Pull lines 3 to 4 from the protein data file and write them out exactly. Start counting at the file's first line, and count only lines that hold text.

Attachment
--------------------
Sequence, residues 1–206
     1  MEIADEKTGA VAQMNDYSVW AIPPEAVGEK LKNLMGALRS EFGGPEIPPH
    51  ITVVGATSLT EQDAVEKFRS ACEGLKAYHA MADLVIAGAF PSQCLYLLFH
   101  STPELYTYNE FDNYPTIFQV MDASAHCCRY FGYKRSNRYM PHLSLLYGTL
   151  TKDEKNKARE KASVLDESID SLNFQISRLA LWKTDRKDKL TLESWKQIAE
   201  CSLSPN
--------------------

    51  ITVVGATSLT EQDAVEKFRS ACEGLKAYHA MADLVIAGAF PSQCLYLLFH
   101  STPELYTYNE FDNYPTIFQV MDASAHCCRY FGYKRSNRYM PHLSLLYGTL